By: Samantha Paul
Senior year did not turn out the way I had expected. In the blink of an eye, school was online, prom was canceled and the graduation I had been waiting years for became a drive-through. Just like living with juvenile arthritis (JA), the rise of COVID-19 has presented unique challenges.
Arthritis has tried to stop me from doing what I love, and now COVID has tried to throw a wrench in my plans as well. I Live Yes by not letting challenges stop me. They are unique challenges that not many people my age face, but they allow me a different perspective and force me to go in a different direction.
I was diagnosed with juvenile idiopathic arthritis at the age of 14, but I had been living with symptoms since I was 11. I had pain in my foot that over a handful of doctors passed off as plantar fasciitis. It wasn’t until the pain in my jaw started almost a year later that doctors began to listen.
When my treatment started at the beginning of my sophomore year of high school, I had to leave school because I was so sick, and my pain wasn’t managed. Once it started getting under control, I went back to school for half days. The effects of living with unmanageable chronic pain for years can be detrimental. I began having pain in parts of my body where I didn’t have arthritis and ended up being diagnosed with a chronic pain condition: amplified musculoskeletal pain syndrome (AMPS).
I was lucky enough to go to an in-hospital program designed to treat AMPS, and after three weeks I came out a whole new person. I was pushed past my breaking point daily and learned that I am stronger than I could have ever imagined, not only physically but mentally. I had never felt better and went home with a whole new perspective on life.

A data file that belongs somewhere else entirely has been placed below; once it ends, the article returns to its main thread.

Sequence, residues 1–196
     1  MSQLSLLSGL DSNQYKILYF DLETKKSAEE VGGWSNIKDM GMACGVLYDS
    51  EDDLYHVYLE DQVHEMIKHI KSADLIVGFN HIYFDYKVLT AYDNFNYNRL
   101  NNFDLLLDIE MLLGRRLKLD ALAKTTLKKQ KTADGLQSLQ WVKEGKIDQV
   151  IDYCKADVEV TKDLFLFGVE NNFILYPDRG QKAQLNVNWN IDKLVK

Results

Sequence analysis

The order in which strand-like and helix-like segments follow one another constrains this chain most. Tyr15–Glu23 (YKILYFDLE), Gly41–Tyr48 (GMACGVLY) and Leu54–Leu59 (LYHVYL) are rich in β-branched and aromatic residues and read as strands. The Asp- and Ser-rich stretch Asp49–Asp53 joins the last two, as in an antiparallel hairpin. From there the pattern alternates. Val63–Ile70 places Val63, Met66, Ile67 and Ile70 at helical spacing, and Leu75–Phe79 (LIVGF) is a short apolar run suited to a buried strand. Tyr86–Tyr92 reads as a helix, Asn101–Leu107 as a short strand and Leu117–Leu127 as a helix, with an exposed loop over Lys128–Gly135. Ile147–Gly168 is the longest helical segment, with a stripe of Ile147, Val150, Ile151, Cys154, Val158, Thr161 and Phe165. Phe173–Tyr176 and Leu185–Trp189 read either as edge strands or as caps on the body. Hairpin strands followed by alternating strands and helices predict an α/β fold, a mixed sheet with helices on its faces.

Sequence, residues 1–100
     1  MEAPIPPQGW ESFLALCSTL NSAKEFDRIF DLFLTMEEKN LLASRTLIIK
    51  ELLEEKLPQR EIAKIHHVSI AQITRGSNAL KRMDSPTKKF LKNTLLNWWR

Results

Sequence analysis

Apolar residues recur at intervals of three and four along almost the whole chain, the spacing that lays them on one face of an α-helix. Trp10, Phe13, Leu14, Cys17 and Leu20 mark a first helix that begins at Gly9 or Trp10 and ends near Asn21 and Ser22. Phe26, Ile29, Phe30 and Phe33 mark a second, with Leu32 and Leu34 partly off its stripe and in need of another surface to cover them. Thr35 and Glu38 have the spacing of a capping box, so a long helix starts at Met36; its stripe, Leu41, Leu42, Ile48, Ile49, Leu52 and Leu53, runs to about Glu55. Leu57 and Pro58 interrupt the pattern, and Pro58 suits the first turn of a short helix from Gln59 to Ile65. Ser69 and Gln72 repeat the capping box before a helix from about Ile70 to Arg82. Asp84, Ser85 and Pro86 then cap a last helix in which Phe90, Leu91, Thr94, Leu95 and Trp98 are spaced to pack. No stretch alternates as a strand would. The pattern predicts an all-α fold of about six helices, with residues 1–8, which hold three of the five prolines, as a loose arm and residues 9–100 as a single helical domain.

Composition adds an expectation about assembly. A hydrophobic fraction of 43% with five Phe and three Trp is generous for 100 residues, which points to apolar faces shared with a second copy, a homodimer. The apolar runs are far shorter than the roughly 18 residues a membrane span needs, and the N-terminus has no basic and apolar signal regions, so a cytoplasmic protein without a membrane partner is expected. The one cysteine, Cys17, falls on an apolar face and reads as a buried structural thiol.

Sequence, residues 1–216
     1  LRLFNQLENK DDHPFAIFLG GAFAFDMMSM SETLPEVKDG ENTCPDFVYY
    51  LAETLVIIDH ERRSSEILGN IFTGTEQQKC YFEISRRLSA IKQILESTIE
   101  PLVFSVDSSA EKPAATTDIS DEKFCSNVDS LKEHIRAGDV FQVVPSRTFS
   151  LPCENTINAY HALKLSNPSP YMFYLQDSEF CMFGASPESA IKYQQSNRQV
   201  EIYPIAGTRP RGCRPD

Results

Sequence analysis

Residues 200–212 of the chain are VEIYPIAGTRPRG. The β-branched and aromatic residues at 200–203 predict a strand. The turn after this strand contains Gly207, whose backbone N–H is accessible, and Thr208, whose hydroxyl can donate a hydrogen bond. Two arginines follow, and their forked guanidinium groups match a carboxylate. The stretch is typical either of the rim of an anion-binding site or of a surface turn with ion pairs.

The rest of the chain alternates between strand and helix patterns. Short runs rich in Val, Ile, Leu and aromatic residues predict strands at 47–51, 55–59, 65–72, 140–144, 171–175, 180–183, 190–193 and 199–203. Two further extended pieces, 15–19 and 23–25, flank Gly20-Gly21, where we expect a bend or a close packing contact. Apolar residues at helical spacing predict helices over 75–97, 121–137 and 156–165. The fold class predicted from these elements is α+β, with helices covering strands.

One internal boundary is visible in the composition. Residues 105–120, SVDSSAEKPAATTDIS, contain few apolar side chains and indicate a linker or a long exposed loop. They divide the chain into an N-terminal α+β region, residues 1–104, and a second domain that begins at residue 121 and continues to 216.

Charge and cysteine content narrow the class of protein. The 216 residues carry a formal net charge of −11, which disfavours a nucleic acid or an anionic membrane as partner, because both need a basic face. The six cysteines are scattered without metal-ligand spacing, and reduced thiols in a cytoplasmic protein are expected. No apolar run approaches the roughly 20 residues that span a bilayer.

I believe I was 15 or 16 years old once I finally had the perfect treatment regimen for me — and have been almost pain-free ever since. I graduated high school in May and committed to a college in New York City to pursue an acting major and BFA, something I never thought I would be able to do after my diagnosis.
Every single day, I am doing things that, only a few years ago, I never thought I’d be able to do on my own again, starting with getting out of bed in the morning. Although I have never felt better, years of untreated arthritis has its consequences. Last summer, my doctor noticed that my jaw joints had deteriorated to a point where I would need reconstructive surgery. I had that surgery this past June.
If there’s anything I’ve learned from arthritis, it’s that we can do hard things — not just me but all of us. We are truly all JA warriors. Every time you inject your medication, sit still for a long MRI or even get through a scary doctor’s appointment, you’re getting stronger. I can guarantee that I wouldn’t be the person I am today without arthritis. I wouldn’t have the compassion, empathy and drive I do now.
My dream was to move to New York City and be an actor. In the fall, I’ll be doing just that. The reason I can do it is because I refuse to let my disease stop me. I’d love to hear your story and experiences. You can share them on social media with #WeLiveYes. To the class of 2020, congratulations! I can’t wait to see the wonderful places you’ll go.
For all the JA teens who have started their first year of college, please check out the Connect on Campus Care Pack, filled with helpful tools and materials to empower you to live your best life while in college.